On Saturday 27 March 2004 03:10 pm, S wrote:
> When you start Freenet, it immediately tries to connect to as many nodes
> as possible, from the pool of nodes that it knows about. If what you're
> seeing is a bandwidth spike that goes away after a couple of minutes,
> it's probably connections being opened. I imagine that handshaking with
> 50+ nodes could use up all of your bandwidth for awhile.
> It could certainly be something else, though. Check out the Environment
> page from the web interface, go to "Pooled Thread Consumers" and you can
> see what the threads are doing. (Caveat: by loading the main web
> interface page, you're initiating requests for the activelink images of
> the index pages. To avoid this, bookmark the Environment page and go
> straight there as soon as the node starts.)

You're right:
   Class                                                          Threads used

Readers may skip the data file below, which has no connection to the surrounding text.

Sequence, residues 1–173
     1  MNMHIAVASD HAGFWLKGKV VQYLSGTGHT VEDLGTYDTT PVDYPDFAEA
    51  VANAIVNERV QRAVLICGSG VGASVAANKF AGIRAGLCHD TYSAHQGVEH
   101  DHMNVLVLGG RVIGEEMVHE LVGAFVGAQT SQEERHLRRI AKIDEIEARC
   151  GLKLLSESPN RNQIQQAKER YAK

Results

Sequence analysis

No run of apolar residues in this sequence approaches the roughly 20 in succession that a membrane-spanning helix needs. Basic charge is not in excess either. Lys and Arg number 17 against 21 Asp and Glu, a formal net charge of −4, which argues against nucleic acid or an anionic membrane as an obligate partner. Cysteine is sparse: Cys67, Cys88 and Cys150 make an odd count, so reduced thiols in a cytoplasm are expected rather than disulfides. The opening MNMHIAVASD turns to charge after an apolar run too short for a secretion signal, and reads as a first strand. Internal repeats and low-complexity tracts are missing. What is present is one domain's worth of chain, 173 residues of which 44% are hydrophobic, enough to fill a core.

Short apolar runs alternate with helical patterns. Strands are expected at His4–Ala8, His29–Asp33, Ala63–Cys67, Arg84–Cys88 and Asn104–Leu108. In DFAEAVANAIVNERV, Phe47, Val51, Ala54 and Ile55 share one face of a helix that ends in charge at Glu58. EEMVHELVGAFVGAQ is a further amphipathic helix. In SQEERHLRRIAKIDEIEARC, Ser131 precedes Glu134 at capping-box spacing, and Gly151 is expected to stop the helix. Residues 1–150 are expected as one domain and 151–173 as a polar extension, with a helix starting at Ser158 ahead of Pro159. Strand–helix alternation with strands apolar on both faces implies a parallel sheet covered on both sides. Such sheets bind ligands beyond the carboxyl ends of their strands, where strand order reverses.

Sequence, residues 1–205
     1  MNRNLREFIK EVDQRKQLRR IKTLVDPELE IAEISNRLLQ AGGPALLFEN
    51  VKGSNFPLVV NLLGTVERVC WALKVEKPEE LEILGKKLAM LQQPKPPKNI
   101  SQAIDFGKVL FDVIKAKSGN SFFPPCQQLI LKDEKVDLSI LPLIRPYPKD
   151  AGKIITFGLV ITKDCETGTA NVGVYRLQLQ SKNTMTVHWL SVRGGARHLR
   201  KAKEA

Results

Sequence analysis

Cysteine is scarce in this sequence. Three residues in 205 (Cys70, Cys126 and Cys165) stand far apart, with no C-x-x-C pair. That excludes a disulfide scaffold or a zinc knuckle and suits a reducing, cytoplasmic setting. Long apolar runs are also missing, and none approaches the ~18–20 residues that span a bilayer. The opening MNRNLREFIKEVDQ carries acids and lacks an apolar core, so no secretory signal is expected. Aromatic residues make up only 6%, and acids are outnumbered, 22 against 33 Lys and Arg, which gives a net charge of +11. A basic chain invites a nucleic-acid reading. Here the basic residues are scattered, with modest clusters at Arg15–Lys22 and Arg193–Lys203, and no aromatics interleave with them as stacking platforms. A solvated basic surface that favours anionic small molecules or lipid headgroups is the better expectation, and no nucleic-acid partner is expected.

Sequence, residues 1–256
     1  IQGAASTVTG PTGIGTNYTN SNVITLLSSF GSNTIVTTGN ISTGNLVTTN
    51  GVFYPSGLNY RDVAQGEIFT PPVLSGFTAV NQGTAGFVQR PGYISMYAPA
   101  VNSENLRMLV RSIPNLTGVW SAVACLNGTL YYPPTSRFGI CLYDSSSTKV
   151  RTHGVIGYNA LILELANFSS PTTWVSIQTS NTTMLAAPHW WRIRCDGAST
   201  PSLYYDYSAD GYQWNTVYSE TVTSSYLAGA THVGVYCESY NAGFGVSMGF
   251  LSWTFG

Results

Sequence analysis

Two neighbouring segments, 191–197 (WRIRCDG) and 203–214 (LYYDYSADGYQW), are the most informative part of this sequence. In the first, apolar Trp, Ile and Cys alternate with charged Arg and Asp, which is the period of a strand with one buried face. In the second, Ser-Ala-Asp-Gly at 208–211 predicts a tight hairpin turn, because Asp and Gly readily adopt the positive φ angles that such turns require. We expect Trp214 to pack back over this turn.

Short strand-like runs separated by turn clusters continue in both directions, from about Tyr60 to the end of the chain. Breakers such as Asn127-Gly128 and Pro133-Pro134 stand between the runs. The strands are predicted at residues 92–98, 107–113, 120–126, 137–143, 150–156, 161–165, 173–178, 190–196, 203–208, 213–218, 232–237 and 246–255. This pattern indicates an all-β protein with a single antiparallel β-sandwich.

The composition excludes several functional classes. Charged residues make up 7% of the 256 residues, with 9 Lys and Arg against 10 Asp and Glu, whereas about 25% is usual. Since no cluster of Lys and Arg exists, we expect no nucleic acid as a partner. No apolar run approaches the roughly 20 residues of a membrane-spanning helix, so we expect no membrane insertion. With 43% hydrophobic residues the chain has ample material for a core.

Checkpoint: Opening connection                                           56
   freenet.interfaces.LocalNIOInterface$ConnectionShell                      1
   freenet.node.states.data.DataStateInitiator                               1
   freenet.node.states.data.TrailerWriteCallbackMessage:true:true            1

I used Lynx to be sure there were no extraneous requests.
It's odd that with so many connections to other nodes, I still get RNFs 
frequently that say "Attempts were made to contact 2 nodes", or even 0, as I 
reported previously.

> With the default settings, Freenet will pretty much saturate a dialup
> link when you're actively using it, and it will eat bandwidth even when
> you aren't using it. If you haven't done so already, you might want to
> tweak the input and output bytes values in the config file.

Yes, but that would cripple *Freenet*. But with any luck, I'll have a Real 
Connection in a couple months.

> Another suggestion is to make sure that the line
> transient=true
> is present in the config file, with no % in front of it. Transient nodes
> do not have any requests routed to them, which cuts down on bandwidth
> usage. As I understand it, there is an anonymity tradeoff here if
> someone is monitoring your requests and knows that your node is
> transient (your node isn't routing other peoples' requests, so all
> requests leaving your node are your own).
I have transient on, and doAnnounce=false. (I don't fear or loathe my 
government, yet.)

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